People have traditionally thought of an instrument that the grade school teacher strums on that's out of tune with some strings missing. That ain't what this is. That ain't what I'm doing with the harp. I play beautiful melodies and counter melodies. I've won awards for my instrumental playing.

It just happens to be my main instrument. I also play mandocello and guitar, but the autoharp is the one. It's the one that really rings my bell and gives me the big charge, emotionally. Plus, I can play it while I'm riding down the road. People with big concert harps can't do that.

Before cell phones, I would put the steering wheel down on my knees, drive with my knees with the cruise control on and play. I'm a better driver with my knees than most people are with their hands. But I no longer do that because of cell phones. [Laughs.] If people see you doing that and can't see your hands hands on the wheel because you're holding an instrument going 70 mph, they call the police. So I don't do that anymore, but as a wild young man, I did. [Laughs.]

CP: In a video I saw of you online, you mentioned that you live on a big 30-acre plot in the middle of the forest. Do you find a lot of inspiration from the time you get to spend there when you're off the road?

BB: I love it. I love extremes. It's a full 180 from my busy road life, which is about filling up at a diesel station, throwing a little water in my face and keeping on driving and working on songs. I work on lyrics while I'm driving lots of times. If I make notecards of a song and learn it, I'll practice learning the lyrics while I'm driving.

Then, I get to the gigs early. I can't fake the tune. I have to get there a couple hours to get in great tune. After the show, I'm entering people's emails in my computer so I have my email list. Then, I sleep and get up early the next day and do the same thing. I'm very dedicated to doing what I do.

I'm out now for 56 days. I left on Sept. 20 and I won't get home until Nov. 16. I'm cranking it up. I do the fall tour, and then, I'll take some time off in the winter instead of sloshing around in crazy freezing cold. I stay home in the northwest where it's not too bad.

That's a long-winded answer, but yes, I'm totally inspired by the woods and the stream and the salmon in the stream and the eagles in the trees and elk and deer in the woods. I live in paradise.

CP: Do you look forward to getting back on the road when you're at home?

BB: It's two-way street. When I'm home, after a while, I'm ready to go back on the road, and when I'm on the road for a while, I'm ready to go back home. It's the old pendulum swing. The pendulum swings up and back, up and back. You get into a rhythm.

I get into a big rhythm when I'm on the road - the rhythm of driving and learning songs and seeing old friends and eating a meal and playing a bunch of songs. It's a wonderful rhythm of sharing this wonderful gift I've been given for music.

CP: What percentage of your set is comprised of original material and how much is traditional songs and tunes?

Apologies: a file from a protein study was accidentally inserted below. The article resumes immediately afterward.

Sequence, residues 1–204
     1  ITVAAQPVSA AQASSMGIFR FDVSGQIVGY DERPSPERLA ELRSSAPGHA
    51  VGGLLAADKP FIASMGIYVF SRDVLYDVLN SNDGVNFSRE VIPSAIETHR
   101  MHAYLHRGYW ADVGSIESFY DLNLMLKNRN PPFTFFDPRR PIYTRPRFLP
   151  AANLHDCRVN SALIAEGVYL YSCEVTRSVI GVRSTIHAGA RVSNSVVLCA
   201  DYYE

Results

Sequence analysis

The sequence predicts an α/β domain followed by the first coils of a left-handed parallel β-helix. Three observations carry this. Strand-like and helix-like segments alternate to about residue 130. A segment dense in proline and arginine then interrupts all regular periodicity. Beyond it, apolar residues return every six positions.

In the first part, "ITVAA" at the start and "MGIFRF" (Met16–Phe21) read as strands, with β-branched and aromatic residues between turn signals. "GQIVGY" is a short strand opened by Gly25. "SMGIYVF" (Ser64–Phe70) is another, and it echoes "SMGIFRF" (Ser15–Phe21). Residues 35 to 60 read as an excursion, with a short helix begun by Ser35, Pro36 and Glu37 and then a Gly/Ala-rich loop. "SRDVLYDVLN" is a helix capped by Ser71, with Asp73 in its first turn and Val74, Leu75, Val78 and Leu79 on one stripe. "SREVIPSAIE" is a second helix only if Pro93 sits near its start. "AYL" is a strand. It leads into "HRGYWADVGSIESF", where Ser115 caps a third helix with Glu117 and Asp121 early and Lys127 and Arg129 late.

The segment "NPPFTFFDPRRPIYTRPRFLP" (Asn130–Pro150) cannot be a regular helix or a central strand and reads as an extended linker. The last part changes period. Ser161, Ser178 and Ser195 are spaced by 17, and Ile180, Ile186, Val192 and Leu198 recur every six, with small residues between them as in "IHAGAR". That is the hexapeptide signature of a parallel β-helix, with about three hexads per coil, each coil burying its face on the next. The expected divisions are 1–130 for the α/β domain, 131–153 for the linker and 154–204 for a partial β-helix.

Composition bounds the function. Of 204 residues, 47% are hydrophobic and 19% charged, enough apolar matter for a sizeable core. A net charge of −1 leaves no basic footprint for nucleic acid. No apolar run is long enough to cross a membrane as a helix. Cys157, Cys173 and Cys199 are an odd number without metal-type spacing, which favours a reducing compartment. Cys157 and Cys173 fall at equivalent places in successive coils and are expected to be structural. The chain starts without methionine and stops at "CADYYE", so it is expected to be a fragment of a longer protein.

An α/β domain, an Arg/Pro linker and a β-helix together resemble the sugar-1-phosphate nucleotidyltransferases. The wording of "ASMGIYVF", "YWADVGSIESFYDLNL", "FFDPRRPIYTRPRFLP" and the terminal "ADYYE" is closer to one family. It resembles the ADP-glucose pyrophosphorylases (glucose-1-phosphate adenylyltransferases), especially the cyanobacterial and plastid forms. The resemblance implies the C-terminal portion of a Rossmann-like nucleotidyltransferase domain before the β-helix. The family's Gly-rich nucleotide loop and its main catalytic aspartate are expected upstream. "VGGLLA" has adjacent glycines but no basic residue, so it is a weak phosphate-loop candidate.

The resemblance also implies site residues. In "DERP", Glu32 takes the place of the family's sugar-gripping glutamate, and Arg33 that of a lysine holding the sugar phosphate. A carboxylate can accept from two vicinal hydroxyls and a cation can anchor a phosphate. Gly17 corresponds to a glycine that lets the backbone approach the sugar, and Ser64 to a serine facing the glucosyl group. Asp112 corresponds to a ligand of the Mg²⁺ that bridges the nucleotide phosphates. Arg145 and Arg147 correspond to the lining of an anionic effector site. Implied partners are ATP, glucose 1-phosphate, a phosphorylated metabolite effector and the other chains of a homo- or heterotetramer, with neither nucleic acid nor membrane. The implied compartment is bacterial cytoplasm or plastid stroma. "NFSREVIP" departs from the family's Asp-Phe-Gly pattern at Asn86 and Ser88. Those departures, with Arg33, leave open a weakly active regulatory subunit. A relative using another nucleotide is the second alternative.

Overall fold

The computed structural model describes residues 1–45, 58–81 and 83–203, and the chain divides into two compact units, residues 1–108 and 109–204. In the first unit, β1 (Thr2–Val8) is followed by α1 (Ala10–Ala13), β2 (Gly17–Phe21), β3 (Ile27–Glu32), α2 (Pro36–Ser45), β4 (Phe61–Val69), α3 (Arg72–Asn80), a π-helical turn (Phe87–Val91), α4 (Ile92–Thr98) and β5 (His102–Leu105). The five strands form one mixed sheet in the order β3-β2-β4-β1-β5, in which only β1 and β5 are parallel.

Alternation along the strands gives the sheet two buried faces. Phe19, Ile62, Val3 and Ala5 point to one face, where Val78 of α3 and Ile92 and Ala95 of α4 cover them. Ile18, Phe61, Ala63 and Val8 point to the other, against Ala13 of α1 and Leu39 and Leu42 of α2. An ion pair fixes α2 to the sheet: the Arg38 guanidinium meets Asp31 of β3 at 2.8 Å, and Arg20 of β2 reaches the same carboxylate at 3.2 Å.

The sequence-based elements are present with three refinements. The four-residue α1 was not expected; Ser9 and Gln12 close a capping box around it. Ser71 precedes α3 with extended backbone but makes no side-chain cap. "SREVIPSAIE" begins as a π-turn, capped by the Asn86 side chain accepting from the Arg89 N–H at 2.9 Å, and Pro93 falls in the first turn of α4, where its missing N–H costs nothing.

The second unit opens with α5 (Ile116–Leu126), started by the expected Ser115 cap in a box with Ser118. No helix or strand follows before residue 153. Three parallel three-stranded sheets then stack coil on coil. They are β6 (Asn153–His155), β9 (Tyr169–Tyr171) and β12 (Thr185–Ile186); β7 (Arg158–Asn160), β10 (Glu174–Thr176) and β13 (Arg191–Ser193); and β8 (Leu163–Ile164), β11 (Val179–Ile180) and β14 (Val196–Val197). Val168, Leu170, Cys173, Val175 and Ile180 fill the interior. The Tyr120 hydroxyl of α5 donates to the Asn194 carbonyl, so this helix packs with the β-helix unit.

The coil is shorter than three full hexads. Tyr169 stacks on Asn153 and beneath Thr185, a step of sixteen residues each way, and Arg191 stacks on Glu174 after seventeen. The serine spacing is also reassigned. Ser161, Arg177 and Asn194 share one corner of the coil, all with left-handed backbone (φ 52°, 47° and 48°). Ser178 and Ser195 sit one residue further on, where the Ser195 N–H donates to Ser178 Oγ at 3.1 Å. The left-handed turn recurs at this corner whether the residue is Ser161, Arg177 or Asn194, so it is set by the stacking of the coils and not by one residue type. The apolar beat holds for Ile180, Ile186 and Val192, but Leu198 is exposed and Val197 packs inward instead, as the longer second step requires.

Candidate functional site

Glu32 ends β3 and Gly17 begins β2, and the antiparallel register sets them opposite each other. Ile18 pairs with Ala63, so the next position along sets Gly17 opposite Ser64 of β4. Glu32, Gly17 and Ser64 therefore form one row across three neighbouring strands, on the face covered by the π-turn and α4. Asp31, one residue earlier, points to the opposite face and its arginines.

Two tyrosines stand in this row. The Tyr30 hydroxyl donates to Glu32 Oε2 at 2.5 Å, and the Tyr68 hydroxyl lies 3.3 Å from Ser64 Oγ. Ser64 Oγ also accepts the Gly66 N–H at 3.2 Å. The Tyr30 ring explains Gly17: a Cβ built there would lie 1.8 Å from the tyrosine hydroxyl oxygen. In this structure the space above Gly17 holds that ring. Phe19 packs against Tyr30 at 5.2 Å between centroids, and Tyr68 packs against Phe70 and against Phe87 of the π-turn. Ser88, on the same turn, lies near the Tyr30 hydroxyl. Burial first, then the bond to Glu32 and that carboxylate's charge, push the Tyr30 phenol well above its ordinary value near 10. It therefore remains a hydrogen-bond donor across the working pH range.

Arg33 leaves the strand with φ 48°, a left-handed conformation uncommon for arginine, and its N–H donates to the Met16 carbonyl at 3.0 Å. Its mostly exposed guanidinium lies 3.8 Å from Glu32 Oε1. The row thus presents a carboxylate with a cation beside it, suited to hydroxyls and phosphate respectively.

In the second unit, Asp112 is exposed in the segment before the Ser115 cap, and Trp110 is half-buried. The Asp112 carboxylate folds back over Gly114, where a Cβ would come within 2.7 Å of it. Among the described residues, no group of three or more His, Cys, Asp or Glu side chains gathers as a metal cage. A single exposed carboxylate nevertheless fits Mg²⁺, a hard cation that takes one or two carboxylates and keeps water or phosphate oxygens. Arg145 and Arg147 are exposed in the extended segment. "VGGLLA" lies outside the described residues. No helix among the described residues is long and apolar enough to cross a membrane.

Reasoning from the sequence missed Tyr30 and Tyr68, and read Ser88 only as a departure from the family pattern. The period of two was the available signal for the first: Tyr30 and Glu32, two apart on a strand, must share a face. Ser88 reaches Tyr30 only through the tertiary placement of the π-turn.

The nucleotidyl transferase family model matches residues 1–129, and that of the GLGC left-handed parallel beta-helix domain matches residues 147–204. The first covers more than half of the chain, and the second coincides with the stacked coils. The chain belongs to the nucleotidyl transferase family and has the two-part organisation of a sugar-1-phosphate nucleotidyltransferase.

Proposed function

BB: I have written about 1,000 songs, and I only do about a dozen of my own songs. I'm pretty brutal in my assessment of the worthiness of my songs. I have people request songs that I've dropped, and I have to go back and refresh myself. Probably 10 percent or 20 percent of my shows are my material. The rest is beautiful instrumentals or traditional songs.

I was raised in the storytelling tradition, too. The stories were all over the place, so I love stories. I tell stories. Sometimes, they're short little intros, but they're pithy with kernels of truth. Usually, once or twice an evening, I'll launch into a longer story.

CP: Do you have any idea what you'll be playing at the Barking Legs Theater show? Do you plan ahead or are there any pieces you always incorporate into your sets?

BB: My evenings are filled with playing the music I love the most. I don't go out and practice on people. I don't play songs I'm just learning. I have to have the songs under my belt before I play them. I have a good idea of what I'll be doing.

I'll play a smattering of songs from every record and play some new material I've learned in the time since I was last at Barking Legs, which was about a year and a half ago. I know which ones are the new ones since I was there last, so I'll play those so people aren't hearing the same tunes. People need to know you're not stuck in a rut.

CP: What are you working on now, recording wise?

BB: I just finished a brand new one. The last one I did was three years ago called "Bristlecone Pine," the tree, which can live to be thousands of years old. I had some great people playing on that one, all these great players playing on it.

I did that, and it was so good and well received that I all of sudden realized July of this last year that I was in danger of never recording again. I was worried I wouldn't be able to surpass "Bristlecone Pine," but I thought that was dumb because I'm still growing.

I caught some crab and got some friends to take some pictures of me holding these big crabs up next to my head like they were earrings. I called the CD "Crabby Old Man." I've got the new "Crabby Old Man," and I've only had it for about two weeks.